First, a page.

It was the very epitome of unbridled beauty; a tree to make one marvel at nature’s infinite variety of autumnal colour.
This gean, or wild cherry, was by the edge of a small road near Auchterarder and its burnished leaves were a wonder in artistry, displaying a palette that shaded from ochre to crimson.
These autumnal geans are no passing beauties either, for in spring their crowns are a snowball of white blooms and even the peeling chestnut-brown bark shines out at you.
Birds just love to feast upon their ripe cherries in summer and in the past the sticky resin that oozes from the trunk was used by children as a primitive and rather bitter-sweet chewing gum. In Highland folklore, the wild cherry tree had mysterious qualities and to encounter one was considered auspicious and fateful. For such a small tree, the gean has so much to behold it.
But autumn in Courier Country is more than just the geans, it is also about the coppery beech leaves and the turning rowans. Indeed, every type of tree has its own unique shade of autumnal hue. Most are stunning but some – such as the sycamore – verge towards the bland.
Down by the river, I have seen my first salmon of the year, a surging bow wave in the shallows as the fish torpedoed itself towards deeper water. It had just arrived here in the River Devon from the sea and was now working its way upstream towards the spawning beds.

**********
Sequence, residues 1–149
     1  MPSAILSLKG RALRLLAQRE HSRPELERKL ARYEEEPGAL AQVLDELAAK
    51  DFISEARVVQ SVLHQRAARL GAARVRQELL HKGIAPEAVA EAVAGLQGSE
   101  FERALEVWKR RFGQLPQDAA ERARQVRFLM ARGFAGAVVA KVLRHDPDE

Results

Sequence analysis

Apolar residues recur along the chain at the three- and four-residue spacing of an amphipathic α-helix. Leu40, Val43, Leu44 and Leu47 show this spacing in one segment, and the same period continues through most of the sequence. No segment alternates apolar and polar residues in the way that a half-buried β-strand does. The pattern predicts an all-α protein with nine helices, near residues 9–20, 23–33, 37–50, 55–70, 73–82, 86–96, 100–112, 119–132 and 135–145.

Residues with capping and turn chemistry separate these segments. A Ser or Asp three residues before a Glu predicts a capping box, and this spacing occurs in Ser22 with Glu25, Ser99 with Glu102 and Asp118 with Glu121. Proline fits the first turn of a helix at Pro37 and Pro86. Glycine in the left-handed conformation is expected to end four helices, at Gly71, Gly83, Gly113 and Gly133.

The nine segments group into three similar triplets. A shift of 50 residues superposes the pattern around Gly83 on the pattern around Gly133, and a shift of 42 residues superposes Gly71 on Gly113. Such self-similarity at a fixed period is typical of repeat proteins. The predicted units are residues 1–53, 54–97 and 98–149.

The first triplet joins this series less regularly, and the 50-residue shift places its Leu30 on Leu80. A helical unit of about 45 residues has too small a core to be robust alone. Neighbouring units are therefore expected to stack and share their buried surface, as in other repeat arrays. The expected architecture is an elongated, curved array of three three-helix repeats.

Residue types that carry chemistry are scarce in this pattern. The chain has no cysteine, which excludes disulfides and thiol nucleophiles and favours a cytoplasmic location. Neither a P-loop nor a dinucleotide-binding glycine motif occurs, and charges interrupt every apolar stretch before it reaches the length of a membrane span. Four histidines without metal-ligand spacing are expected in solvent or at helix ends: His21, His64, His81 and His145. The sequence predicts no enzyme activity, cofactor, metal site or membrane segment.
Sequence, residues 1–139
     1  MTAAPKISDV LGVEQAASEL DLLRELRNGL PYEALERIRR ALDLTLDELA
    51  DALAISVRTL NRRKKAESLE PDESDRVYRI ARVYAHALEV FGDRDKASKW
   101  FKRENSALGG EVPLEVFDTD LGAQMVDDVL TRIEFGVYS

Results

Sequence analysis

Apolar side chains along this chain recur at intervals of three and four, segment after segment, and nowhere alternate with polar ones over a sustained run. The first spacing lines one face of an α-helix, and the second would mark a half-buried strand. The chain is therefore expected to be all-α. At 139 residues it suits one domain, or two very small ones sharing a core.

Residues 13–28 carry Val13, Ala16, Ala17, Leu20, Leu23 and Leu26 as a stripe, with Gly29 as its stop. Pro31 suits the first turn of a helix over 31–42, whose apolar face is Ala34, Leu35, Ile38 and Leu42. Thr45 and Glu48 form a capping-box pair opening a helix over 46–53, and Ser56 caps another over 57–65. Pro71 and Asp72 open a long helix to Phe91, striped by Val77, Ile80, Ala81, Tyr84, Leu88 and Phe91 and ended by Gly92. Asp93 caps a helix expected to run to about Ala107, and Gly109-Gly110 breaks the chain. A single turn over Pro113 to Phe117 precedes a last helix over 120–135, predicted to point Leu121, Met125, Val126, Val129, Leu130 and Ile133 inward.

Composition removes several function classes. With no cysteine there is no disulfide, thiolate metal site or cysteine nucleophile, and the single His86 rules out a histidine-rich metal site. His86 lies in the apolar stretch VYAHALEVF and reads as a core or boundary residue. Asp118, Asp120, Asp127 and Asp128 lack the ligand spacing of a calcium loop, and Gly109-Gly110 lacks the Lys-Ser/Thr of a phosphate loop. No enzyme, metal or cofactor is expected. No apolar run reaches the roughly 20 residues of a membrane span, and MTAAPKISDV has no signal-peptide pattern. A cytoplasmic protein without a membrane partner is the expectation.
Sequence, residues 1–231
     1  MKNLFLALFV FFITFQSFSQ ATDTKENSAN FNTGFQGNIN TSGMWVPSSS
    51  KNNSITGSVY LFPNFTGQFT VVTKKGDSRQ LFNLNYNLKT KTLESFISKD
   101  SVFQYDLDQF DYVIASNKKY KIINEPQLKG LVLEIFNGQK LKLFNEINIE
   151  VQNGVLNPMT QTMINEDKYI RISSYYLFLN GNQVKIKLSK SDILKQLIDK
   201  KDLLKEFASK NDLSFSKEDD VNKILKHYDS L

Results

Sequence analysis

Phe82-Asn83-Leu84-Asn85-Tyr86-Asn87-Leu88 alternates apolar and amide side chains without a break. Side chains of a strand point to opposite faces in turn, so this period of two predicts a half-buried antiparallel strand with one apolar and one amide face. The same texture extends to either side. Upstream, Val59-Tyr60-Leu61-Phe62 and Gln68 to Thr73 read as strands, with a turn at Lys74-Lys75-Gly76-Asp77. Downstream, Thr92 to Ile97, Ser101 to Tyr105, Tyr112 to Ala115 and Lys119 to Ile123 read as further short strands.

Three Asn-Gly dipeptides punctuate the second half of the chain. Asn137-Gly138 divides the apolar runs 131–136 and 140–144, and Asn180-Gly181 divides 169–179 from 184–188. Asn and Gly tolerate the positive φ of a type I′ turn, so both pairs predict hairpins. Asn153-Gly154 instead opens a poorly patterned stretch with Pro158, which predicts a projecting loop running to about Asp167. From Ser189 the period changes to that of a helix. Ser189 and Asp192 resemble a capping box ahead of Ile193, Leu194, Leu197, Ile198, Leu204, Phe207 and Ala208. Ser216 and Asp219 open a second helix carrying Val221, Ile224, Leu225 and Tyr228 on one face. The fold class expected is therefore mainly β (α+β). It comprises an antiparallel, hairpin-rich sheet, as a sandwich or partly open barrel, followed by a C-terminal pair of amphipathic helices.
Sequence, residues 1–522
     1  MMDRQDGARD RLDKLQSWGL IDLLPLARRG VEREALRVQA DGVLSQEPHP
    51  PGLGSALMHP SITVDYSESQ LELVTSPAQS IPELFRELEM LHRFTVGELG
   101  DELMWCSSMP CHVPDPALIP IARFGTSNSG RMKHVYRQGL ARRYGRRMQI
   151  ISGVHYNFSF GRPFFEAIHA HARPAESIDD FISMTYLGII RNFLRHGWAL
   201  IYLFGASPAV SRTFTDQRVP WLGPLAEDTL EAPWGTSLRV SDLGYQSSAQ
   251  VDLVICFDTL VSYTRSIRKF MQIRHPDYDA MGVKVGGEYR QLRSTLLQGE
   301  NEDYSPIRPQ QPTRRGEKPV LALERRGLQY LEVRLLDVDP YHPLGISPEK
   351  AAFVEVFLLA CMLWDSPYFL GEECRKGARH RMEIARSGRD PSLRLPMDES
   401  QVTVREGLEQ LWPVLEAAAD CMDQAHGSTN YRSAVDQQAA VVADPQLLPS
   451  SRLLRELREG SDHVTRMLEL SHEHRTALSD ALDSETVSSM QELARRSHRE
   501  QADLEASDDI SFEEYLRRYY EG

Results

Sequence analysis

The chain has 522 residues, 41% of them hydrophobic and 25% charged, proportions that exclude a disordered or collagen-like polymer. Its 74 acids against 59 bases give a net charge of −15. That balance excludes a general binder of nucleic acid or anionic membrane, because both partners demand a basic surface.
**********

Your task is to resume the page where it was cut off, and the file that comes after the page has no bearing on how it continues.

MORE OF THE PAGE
I was pleased to see this fish because salmon have been rather scarce in the river in recent times. Why so is a mystery; is it something to do with the river itself or perhaps with their marine feeding grounds?
Just as the autumn geans hold so much colour, then so too do the cock salmon ascending our rivers. From the gleaming bars of the silver that arrive from the sea, these salmon soon turn into shades of purpley darkness. The urge to breed is overwhelming and strong enough to make the salmon throw themselves time and time again at seemingly impassable waterfalls. It is a scene that both humbles and inspires.
Birds too are on the move and no more so than the parties of long-tailed tits that chirrup their way along trees and hedgerows. They never stay still, always on the wander in short bounding flights, stopping for a short while before moving on again. I wonder how many miles they must cover in a day; and do they have favoured routes, or are their travels more haphazard in nature?
But it is my garden lawn that provides the perfect picture of autumn. Here, a scattering of tiny yellow waxcap toadstools sprinkle the grass like golden jewels. They burst out every year but last for only a week or two; so fleeting in appearance but forever lasting in my mind.
The gean (wild cherry) has elongated leaves with finely serrated edges, making them quite distinctive. Geans are generally small trees, perhaps 30 or 40ft in height at the very most.